The House of Commons Standing Committee on Transport has the trucking industry under severe scrutiny at a hearing into the safe transportation of dangerous goods by road.
The Committee up until now has been focusing on rail safety, as a result of the 2013 Lac-Megantic tragedy involving the explosion of rail tanker cars laden with crude oil.
The Canadian Trucking Alliance, Manitoba Trucking Association and the Teamsters represented the trucking industry at the hearings. The CTA’s message was that the frequency of incidents involving truck transportation of dangerous goods is extremely low, at 1.64 incidents per 10,000 shipments, and usually minor.
“It is highly unlikely an incident of the magnitude of Lac-Megantic could occur where trucks are involved,” CTA President, David Bradley said. “Trucks are not in the business of moving crude oil over long distances to refineries; it’s simply uneconomical. And the amount of product shipped by truck in a single shipment is small compared to a train of tank cars.”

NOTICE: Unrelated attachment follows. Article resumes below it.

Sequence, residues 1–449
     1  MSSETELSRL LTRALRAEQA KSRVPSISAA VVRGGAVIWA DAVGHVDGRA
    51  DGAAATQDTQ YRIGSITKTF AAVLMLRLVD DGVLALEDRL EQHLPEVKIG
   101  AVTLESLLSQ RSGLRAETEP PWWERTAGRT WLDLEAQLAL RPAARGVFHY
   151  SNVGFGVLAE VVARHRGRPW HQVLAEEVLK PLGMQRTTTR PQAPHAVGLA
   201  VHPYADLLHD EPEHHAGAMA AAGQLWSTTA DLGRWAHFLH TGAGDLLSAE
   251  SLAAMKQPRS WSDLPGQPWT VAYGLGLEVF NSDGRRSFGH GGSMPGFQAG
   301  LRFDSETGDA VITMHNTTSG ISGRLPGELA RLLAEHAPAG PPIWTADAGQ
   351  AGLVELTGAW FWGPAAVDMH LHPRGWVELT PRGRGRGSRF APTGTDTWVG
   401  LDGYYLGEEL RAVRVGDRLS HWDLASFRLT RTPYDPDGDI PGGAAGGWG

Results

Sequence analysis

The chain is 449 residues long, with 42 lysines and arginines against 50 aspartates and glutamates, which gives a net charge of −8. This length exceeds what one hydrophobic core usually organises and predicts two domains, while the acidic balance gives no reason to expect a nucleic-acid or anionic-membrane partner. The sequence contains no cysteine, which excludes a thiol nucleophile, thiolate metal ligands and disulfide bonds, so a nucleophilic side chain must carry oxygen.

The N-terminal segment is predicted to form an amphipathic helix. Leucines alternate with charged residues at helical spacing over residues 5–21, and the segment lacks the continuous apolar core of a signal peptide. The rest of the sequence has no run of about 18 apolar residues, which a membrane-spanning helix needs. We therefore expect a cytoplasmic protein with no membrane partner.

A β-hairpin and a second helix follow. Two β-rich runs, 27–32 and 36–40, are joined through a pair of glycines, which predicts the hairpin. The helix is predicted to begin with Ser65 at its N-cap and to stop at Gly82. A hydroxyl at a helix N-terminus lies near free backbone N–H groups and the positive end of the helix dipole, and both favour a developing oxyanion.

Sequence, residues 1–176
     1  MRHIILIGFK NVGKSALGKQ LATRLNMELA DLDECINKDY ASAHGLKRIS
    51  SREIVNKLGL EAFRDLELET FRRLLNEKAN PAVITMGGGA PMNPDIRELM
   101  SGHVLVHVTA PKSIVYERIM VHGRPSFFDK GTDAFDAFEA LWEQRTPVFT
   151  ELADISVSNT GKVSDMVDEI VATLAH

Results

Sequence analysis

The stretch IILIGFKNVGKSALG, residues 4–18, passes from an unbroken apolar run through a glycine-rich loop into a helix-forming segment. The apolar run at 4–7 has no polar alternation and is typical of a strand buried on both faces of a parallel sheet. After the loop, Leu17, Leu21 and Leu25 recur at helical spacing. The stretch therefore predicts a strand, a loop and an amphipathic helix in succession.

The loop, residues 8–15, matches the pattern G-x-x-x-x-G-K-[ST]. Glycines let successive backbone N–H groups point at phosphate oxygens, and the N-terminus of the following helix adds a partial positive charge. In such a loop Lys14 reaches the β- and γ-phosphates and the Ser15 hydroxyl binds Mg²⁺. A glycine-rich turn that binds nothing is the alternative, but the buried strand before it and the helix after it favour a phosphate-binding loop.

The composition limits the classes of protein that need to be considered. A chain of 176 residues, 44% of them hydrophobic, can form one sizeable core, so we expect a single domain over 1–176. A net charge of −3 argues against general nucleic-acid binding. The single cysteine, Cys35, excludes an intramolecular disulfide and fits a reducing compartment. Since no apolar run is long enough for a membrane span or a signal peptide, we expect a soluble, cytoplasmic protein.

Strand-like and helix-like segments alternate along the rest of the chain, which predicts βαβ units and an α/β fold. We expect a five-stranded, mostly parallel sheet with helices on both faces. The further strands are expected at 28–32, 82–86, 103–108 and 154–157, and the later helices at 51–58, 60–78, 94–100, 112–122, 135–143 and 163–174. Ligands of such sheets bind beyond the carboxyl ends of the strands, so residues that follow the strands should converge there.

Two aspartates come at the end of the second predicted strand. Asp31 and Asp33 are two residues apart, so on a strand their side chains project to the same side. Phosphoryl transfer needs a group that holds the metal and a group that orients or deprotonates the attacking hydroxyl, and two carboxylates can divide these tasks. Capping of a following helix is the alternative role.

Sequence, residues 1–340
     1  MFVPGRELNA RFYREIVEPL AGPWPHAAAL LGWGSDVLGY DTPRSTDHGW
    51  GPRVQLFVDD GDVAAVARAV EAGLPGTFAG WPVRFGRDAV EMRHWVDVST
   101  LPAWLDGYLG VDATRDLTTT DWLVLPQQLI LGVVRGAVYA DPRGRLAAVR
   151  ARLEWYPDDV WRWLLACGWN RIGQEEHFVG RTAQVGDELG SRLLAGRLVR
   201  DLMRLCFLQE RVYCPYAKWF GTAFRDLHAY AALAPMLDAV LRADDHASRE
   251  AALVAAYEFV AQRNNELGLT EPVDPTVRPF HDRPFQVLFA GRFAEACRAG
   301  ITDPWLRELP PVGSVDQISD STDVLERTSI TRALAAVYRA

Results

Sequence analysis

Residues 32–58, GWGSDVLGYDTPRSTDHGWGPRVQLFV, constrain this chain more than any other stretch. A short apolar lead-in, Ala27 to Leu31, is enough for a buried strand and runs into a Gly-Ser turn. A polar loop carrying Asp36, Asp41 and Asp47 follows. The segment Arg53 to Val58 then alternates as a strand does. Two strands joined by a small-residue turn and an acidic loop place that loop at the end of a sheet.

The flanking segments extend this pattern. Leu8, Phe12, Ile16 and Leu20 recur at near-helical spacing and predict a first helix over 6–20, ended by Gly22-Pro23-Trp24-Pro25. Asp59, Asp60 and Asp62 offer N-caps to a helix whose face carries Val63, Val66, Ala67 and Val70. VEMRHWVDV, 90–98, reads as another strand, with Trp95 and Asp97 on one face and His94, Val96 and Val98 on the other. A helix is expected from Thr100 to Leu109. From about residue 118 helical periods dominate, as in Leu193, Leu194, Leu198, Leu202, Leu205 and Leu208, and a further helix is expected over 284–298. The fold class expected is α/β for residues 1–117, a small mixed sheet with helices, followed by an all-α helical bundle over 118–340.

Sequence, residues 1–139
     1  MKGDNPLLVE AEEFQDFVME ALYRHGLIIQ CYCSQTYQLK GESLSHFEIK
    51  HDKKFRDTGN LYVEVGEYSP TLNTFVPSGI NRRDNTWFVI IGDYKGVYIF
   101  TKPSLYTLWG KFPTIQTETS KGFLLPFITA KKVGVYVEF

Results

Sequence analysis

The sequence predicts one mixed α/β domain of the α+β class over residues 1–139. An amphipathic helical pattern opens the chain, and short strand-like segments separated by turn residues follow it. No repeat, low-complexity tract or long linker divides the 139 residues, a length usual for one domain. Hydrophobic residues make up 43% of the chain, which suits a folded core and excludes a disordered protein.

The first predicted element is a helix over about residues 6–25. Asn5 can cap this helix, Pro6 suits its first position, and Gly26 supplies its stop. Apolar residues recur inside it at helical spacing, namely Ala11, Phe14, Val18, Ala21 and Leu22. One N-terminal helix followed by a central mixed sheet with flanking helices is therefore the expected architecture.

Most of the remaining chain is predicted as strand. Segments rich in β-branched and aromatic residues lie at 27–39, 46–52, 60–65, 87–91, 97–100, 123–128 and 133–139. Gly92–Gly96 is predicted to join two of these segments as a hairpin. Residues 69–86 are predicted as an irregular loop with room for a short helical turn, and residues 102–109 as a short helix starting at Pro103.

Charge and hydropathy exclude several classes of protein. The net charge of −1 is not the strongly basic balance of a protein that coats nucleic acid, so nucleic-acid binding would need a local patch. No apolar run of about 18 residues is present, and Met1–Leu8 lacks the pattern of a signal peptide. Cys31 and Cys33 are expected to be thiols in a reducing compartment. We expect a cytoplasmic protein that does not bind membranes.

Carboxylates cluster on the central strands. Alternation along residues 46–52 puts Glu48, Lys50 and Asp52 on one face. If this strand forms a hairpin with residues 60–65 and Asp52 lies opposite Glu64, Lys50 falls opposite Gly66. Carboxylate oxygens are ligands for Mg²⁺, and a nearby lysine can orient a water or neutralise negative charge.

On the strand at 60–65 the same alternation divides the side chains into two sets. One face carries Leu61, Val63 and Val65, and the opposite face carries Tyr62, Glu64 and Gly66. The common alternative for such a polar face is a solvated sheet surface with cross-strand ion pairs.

The CTA pushed for safety measures across the trucking industry, including a universal mandate for electronic logging devices and a requirement to adopt stability systems. They also called for greater enforcement of shipper responsibilities under TDG rules; also, to ensure a certification process for individuals providing TDG Training.
Terry Shaw, executive director of the Manitoba Trucking Association, noted there is already a strong adherence by most carriers to safety management systems.
“With all the safeguards already in place, there is no need to regulate SMS’s in trucking,” he said. “Most carriers are already doing it.”